Because Texas statutes define software as tangible personal property, the sourcing rules, sales price determinations, and software development exemptions all are affected. The Texas comptroller typically attempts to assess tax in full for software downloaded to a server in Texas. For software that resides outside of the state, Texas will attempt to tax it to the extent remote users are in Texas. On the other hand, because software is tangible personal property, software developers are considered manufacturers, and Texas provides a variety of manufacturing exemptions that can reduce a software developer’s sales tax costs.
Furthermore, services associated with the software that are provided by the seller, such as installation, implementation, modification, and maintenance, typically are treated as part of the sales price and tax base of the software. However, if a third party provides these associated services, they typically are not subject to tax. Therefore, software companies should consult with a tax adviser about whether having a separate legal entity provide services might reduce Texas sales tax.
Because the Texas comptroller considers SaaS to be a taxable data processing service, specific challenges and opportunities exist for SaaS providers and users. The comptroller considers SaaS to be the remote access of software provided by another (Comptroller PLR 20180724152951, March 3, 2020). As a data processing service, SaaS is sourced based on the customer’s service benefit location. If the provider and customer are in Texas, the comptroller will presume that Texas tax is due. Customers that have segments of their business inside and outside of Texas can issue the provider a multistate benefit exemption certificate. If the SaaS provider receives a properly completed certificate, it does not need to collect any Texas sales tax. The customer would calculate its own tax based on any reasonable method. Texas also provides a 20% exemption for SaaS.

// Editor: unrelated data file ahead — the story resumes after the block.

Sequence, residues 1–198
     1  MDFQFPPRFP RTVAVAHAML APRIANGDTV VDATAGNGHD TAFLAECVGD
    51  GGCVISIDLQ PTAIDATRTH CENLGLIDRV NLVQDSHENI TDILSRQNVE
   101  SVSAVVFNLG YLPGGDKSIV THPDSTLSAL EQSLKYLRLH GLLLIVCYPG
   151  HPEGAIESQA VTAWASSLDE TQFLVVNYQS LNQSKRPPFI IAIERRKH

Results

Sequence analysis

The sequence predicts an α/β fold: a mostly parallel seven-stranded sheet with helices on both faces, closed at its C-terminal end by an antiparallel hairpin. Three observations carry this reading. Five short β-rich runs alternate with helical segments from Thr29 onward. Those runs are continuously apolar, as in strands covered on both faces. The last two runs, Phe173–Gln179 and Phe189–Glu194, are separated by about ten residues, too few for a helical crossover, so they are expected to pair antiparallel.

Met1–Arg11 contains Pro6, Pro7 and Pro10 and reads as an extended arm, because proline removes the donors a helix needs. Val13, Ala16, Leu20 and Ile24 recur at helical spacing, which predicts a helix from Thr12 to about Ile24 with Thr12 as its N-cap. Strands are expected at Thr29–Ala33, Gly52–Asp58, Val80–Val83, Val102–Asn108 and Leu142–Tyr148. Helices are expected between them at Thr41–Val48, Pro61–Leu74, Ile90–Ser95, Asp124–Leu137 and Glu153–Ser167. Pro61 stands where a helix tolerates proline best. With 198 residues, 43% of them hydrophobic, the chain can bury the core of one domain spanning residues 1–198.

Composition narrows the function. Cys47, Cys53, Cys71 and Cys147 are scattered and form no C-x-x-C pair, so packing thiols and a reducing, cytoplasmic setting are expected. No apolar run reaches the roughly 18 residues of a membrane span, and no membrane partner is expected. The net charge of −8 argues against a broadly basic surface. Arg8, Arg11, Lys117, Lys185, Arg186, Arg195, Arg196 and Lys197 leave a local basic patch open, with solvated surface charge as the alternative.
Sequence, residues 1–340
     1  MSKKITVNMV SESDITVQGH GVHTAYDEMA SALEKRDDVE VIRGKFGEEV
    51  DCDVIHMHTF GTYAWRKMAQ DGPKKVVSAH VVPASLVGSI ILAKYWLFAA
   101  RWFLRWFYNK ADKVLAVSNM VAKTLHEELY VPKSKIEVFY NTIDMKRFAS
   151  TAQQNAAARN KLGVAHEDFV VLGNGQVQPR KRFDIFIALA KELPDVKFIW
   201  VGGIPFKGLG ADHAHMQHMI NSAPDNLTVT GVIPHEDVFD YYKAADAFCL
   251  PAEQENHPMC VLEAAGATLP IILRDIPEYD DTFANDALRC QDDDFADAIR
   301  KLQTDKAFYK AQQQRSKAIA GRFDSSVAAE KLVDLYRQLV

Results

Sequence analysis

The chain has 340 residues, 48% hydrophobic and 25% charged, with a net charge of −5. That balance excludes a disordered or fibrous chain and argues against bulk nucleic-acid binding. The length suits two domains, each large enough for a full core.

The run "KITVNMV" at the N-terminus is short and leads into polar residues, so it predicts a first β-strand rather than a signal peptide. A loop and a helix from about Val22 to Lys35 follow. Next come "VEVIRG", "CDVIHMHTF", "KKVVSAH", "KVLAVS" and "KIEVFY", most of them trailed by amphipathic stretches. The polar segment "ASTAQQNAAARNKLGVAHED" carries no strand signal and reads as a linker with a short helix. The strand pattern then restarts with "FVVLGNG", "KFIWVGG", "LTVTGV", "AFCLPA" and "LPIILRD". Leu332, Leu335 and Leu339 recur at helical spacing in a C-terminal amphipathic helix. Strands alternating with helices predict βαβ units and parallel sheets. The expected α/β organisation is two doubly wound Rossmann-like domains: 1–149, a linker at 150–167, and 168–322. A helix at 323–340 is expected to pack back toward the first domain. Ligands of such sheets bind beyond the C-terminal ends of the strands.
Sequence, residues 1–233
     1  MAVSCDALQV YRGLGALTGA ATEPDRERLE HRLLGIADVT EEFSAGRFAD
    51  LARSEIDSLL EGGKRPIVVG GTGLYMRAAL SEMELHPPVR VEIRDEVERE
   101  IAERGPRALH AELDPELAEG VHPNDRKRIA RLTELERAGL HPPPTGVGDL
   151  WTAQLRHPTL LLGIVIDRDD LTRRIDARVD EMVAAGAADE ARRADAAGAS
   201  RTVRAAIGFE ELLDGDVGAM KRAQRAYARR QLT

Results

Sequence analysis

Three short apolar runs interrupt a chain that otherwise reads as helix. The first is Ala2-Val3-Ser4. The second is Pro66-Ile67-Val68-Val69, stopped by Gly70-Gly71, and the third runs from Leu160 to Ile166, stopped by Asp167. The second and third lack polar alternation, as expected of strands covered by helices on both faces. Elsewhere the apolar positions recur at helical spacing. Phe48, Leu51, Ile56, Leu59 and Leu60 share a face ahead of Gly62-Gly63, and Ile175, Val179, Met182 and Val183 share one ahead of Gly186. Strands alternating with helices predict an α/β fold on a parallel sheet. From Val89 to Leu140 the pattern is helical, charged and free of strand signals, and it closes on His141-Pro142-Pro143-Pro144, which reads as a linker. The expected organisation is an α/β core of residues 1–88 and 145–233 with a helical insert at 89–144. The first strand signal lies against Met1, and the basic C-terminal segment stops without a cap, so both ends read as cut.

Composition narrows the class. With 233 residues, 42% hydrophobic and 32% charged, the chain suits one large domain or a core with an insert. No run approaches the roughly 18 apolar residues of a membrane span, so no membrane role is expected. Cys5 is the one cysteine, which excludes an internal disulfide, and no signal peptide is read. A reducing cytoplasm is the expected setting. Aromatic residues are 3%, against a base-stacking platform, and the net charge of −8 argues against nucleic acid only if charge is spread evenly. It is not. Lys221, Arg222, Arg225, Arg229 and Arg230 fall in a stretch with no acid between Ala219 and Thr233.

Depending on the facts and circumstances, reducing the Texas sales tax on SaaS could be possible. For instance, data processing service providers can purchase tax free for resale any tangible personal property when the care, custody, and control transfers to their customer. Additionally, SaaS providers that purchase services that are intended to be transferred as an integral part of the services provided to customers also might be eligible for refunds of Texas sales tax paid on these purchases. SaaS providers also might be eligible for Texas sales tax refunds on cloud-based platform services, data hosting and transmission services, telecommunication services, and other services integral to SaaS. Every refund is dependent on specific facts and circumstances in addition to available documentation. While comptroller auditors are not necessarily tasked with identifying and quantifying these refunds, it typically is advantageous to pursue these refunds while under audit. SaaS providers that qualify for these exemptions also can issue a resale certificate to their vendors in lieu of sales tax.
Software, software-related services, and SaaS providers and customers face many challenges associated with sales and use tax. However, several exemptions could reduce the sales tax amount required to be paid or increase the opportunities for refunds. Providers and users should determine if these tax-savings opportunities are available and mitigate future audit risk by engaging in a thorough evaluation of these types of purchases and sales.
Fixing errors on already-filed partnership returns
Partnerships that discover errors on their already-filed federal returns might be able to file AARs or superseded returns to fix them.
How ESG and tax connect
A divided Congress creates tax uncertainty
The 2022 midterm elections created a lot of uncertainty and a divided Congress. How will that impact tax oversight and legislation?